WHAT IS MY ESTATE?
What we mean is: which of my assets will constitute my ‘estate’ after I die?
To make a Will that effectively deals with the assets of your estate, you need to understand what those assets are.
It might sound simple, but in our work in Wills and Estates we often approached by individuals who misconstrue what assets shall form part of their estate and how these will be dealt with after they die.
Not all items that you ‘own’ will form part of your estate and be gifted to your beneficiaries. There are several types of assets that you will not be able to gift with a Will. Here are a few:
If you own property jointly with someone else, this will probably not form part of your estate. Most jointly owned property passes automatically to the surviving joint owner/s when one owner dies. For example, where a bank account is held jointly by two people, the surviving account holder becomes immediately entitled to the whole amount held in the account.
This is because holding things jointly means that you both have ownership of the whole asset – there are not two defined equal 50% shares held by either person.
The exception to this rule is joint ownership as ‘tenants in common’. This term typically relates to real estate ownership. When jointly purchasing real property, there are two options for the mode of holding of the property: joint tenants; and tenants in common. Joint tenants is a true joint ownership as explained above; the joint owners both have ownership of 100% of the property. If the property is held as tenants in common, there are two (or more) defined shares of ownership, which may be equal (50:50) or in different proportions.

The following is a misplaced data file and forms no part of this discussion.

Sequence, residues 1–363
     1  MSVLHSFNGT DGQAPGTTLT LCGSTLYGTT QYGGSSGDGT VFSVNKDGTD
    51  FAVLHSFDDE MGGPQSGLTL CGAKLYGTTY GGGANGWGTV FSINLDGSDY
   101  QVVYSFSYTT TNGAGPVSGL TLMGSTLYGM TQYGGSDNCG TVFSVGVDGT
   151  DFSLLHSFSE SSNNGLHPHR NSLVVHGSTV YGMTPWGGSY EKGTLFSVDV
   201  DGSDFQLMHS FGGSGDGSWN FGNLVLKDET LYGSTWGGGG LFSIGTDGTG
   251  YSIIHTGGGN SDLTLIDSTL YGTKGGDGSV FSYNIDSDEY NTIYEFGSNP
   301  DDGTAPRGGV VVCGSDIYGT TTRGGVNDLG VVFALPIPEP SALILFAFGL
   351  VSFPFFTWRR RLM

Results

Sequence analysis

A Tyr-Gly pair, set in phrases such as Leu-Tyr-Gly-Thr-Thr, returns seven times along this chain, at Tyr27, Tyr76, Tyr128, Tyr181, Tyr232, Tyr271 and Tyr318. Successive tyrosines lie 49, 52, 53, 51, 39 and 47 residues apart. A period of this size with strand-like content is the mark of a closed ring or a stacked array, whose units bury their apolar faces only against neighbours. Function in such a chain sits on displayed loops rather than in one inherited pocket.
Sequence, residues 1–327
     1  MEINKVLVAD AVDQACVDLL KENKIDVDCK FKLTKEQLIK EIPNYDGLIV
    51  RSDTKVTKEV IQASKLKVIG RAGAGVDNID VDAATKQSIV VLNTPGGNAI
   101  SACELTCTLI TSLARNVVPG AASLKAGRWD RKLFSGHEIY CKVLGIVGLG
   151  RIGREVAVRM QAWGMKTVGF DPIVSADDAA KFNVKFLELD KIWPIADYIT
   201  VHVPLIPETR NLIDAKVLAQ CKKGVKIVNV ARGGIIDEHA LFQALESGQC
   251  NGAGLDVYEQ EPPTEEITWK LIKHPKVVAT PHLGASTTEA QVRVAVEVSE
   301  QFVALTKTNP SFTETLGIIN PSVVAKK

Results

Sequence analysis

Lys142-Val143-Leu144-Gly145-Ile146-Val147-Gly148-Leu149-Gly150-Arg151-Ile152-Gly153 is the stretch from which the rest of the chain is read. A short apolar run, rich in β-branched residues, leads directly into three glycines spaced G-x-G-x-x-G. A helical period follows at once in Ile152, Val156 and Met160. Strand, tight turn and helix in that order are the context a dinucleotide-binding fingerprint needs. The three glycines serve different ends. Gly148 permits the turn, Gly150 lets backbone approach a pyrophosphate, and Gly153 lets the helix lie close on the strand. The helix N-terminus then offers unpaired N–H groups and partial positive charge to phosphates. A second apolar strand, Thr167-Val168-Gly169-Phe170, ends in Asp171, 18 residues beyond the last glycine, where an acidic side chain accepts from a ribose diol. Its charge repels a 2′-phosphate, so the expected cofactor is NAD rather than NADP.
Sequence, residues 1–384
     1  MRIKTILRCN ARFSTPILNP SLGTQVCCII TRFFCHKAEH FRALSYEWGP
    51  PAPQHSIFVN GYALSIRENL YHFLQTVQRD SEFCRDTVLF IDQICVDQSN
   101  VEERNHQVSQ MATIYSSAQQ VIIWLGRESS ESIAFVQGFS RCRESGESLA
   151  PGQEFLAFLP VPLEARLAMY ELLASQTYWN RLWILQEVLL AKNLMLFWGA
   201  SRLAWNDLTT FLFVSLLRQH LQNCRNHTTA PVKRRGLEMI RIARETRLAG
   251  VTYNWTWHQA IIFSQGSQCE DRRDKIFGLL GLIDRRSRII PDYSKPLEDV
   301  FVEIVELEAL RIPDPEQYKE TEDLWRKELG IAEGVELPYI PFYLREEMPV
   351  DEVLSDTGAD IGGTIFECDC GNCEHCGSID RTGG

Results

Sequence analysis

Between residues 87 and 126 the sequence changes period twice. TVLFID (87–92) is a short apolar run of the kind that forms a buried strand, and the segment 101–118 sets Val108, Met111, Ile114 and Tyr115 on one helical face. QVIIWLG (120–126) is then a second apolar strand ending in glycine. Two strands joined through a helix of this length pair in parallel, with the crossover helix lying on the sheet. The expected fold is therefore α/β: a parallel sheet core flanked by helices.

A property owned as joint tenants, when one of the owners dies, will automatically pass to the surviving owner/s. A property owned as tenants in common will not pass automatically, and the share held by the deceased owner will pass in accordance with their Will (if they have one). A clause in your Will that deals with your half of joint property will be ineffectual, unless that property is held as tenants in common.
Superannuation can be one of your largest assets, but it is not technically part of your estate. This is because of the nature of the ownership of the funds. Unlike money held in a bank account which is owned by the account holder, a superannuation fund is held by the trustee of the fund for the benefit of the member. The superannuation policy is a contract between you and the trustee, which usually states that the money held will become your property upon retirement.
The trustee of the super fund usually has ultimate discretion to apply the money held in the super fund. We advise our clients to specifically address their superannuation in their Will, as this will provide instructions to your trustee as to what should be done with the funds. However, this does not provide an absolute guarantee that the funds will be paid in accordance with your wishes. The trustee will make its own enquiries to determine who should receive the funds.
Your superannuation policy may also have a death benefit payable to your nominated person when you die. This amount is also held by the trustee, on trust for your nominated person. It is not your property, nor can it ever become your property. Therefore, a death benefit is not part of your estate, even though it will become payable after you die. If you have not made a binding death benefit nomination, as with superannuation, there is no guarantee that the death benefit will be paid where you intended. The trustee has discretion to pay the benefit where it thinks fit.
For this reason, it is imperative that you ensure you have made a binding death benefit nomination. And make sure that the nomination is always up-to-date, as some policies require that you renew the nomination periodically. You should check the terms of your super fund to make sure you know what is required.
Funeral / Life Insurance
Similar to a superannuation death benefit, this is a contract between you and the insurance company nominating someone else (family etc) to receive a lump sum payment. Even though you are the one paying the premiums, the company is holding that money on trust for the person you have named as beneficiary, so the funds are not owned by you.
The exception to this is that, once your funeral has been paid for, any money left over from your funeral insurance payout will form part of your estate.
Final thoughts: remember that any debts you have will be paid from your estate. The true value of your estate is the net value of the assets less the debts.